Snow Safety Tips
With many of our Southern states being overwhelmed with unexpected snowstorms, I wanted to give a little bit of advice on how to help keep yourself safe and warm in the cold. While I grew up in New Jersey, where we see snow a few times a year, I was surprised by the amount we got when I lived in Upstate New York. I would often tell my family about the feet of snow we got overnight and the negative temperatures we had to work in.
Shovel out your car:
This may seem like an obvious task that gets done when you shovel your driveway, but many people wait until they need to go out to do this. It is important that you have a way to leave your house quickly in the event of an emergency, but your car can also provide a temporary shelter for warmth if your heat and electricity go out in your house. Be sure to shovel out your tailpipe if the snow has gotten that high, so you do not risk poisoning yourself with carbon monoxide inside the car. Also, make sure you turn your car on each day for a few minutes to help keep your battery working properly.
Keep an emergency kit in your car:
This is essential for winter weather. Having a few blankets, bottles of water, and some food products that can last without refrigeration can save your life in the event you get snowed in on the side of the road and must wait hours for emergency services. This was required when I lived in upstate New York during my time in the Army, and we would often have our vehicles checked for these items. If you have little ones, try and keep a supply of diapers, wipes, and some form of entertainment if possible. A tote can be an easy way to store all these items. It is also important that you have extra vehicle fluids and jumper cables in the event your car breaks down.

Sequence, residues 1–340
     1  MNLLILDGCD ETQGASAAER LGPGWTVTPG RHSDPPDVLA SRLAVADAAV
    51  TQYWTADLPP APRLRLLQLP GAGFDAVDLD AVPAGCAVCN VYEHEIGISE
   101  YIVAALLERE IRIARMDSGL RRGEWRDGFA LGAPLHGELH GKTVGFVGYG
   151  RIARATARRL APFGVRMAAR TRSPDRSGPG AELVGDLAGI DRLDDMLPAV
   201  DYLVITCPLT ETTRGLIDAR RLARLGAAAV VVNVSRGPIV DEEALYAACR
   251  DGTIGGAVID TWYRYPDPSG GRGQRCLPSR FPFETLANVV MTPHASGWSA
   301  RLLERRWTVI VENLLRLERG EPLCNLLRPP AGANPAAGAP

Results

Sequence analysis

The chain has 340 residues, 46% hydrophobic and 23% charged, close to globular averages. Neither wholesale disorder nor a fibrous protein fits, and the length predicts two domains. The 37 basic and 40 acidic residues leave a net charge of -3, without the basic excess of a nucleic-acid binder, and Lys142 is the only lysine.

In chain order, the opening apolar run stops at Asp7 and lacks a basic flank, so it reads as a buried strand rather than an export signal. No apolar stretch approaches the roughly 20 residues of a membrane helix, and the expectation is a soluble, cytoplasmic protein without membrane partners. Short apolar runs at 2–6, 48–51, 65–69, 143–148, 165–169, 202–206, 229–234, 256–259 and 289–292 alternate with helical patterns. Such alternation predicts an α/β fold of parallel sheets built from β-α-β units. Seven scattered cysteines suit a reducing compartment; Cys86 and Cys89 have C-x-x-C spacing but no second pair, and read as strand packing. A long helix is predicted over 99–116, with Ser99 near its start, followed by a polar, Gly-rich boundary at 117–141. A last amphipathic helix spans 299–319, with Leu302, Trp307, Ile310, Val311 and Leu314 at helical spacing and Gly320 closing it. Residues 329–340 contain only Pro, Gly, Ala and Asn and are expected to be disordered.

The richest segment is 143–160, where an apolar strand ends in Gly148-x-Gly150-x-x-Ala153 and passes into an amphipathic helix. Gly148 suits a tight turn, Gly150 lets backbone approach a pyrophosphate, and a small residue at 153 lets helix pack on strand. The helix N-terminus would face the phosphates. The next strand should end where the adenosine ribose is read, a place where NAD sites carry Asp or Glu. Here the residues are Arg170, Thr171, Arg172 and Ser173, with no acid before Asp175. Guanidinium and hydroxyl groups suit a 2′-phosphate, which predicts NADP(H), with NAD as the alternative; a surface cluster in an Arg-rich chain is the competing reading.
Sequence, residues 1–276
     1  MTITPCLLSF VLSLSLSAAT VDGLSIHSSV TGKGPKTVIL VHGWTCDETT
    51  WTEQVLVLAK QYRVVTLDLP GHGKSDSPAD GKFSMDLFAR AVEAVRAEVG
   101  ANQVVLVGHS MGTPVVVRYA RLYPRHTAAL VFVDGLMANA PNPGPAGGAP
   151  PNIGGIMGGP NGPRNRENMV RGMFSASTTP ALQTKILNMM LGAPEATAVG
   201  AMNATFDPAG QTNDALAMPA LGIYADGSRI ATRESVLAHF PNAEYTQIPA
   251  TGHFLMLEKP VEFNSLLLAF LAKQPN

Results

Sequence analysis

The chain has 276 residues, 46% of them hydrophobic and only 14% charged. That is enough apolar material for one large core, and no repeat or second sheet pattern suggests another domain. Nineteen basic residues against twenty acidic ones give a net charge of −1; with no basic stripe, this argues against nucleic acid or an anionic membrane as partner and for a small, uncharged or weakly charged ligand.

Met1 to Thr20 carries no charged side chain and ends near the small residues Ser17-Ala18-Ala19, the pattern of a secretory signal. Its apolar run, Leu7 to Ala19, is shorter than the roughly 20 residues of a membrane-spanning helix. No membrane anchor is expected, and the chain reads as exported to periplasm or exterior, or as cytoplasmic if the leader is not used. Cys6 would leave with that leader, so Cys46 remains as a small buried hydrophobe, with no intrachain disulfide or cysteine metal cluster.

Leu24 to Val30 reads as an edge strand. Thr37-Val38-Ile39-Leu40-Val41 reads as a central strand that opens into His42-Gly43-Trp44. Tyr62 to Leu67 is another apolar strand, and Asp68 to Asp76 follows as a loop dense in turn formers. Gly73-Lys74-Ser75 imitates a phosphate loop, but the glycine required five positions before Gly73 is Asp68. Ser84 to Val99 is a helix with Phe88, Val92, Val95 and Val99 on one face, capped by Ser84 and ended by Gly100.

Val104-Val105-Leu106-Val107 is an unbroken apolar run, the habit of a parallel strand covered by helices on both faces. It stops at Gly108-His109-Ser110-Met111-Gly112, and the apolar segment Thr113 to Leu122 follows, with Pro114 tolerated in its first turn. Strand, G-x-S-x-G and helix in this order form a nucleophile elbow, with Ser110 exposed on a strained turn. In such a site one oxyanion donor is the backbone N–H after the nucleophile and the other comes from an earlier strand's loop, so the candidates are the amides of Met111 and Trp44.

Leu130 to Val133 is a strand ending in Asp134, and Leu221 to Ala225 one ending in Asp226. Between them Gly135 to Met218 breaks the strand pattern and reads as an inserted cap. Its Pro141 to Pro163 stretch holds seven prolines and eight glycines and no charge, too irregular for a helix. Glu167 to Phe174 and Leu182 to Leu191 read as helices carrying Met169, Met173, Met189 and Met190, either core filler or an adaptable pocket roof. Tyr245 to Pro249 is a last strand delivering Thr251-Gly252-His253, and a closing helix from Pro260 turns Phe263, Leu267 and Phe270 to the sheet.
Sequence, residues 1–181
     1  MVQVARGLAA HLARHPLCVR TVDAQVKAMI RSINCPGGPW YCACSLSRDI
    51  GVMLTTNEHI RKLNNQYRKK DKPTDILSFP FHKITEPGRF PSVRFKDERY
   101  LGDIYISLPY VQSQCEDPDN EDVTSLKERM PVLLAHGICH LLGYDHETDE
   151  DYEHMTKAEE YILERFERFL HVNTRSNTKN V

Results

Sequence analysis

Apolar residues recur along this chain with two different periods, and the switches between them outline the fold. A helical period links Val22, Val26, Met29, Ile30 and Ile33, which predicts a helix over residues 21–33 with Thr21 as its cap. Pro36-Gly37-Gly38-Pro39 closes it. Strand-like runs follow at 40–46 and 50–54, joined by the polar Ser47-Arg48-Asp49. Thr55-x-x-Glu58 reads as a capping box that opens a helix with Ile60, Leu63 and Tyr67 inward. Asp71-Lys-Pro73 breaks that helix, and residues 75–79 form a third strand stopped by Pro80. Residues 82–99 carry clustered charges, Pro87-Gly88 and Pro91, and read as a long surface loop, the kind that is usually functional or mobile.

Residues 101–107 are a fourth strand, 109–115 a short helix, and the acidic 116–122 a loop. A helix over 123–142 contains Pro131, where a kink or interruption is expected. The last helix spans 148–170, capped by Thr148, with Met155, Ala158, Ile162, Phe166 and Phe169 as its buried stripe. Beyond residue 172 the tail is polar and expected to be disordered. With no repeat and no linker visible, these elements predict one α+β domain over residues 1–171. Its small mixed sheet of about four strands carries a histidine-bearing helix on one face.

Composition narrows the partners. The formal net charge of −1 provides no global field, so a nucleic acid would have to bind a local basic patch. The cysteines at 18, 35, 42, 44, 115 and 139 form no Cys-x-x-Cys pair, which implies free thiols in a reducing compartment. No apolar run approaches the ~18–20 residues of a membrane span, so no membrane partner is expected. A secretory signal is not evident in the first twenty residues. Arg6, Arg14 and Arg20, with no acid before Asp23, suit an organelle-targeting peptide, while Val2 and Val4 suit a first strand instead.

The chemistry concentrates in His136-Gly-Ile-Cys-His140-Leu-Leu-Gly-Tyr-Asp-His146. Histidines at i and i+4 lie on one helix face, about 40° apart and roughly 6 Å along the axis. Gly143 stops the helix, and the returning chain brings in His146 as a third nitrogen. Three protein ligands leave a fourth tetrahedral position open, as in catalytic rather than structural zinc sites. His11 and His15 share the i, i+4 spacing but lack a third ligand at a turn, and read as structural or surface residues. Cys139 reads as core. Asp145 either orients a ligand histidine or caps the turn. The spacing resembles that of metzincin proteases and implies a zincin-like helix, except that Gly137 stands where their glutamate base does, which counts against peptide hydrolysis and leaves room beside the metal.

Cover up the windows in your home:
Many Southern homes are built to keep your house cool in the hot temperatures, and right now, you are desperate for heat. Cover up the windows with thicker blankets and sheets to help keep your home warm. Put a blanket at the bottom of any drafty doors too.
Run your water:
Keeping water in your sinks running at about a pencil’s thickness helps prevent your pipes from freezing. While this may run up your water bill, it will save you money and from having severe damage to your home from frozen pipes. It could also help if you wrap a sheet or other material around the pipes under your sinks to provide insulation.
Your pets are cold too:
Your pets likely are not used to snow and cold temperatures and may not have grown a winter coat to help keep them warm. While some pets may be fine during lower temperatures and even enjoy the snow, they will get cold after a while. Take whatever precautions you can to keep them warm but be careful if you use space heaters in a barn or other area that may have hay and flammable objects.
Seek shelter elsewhere:
If you have lost heat and power, it may be best to try and stay with a friend or family member. Many counties have also begun opening shelters to help those who have found themselves in these situations. Try and keep updated by radio, television, or phone on where to go in the event you need help.
I hope all of those who are suffering from issues due to the current weather situation remain safe and warm and that your power and heating services find ways to get you rebooted quickly if you have lost them. The snow can be scary for those who are not used to it but knowing how to stay safe can make a huge difference.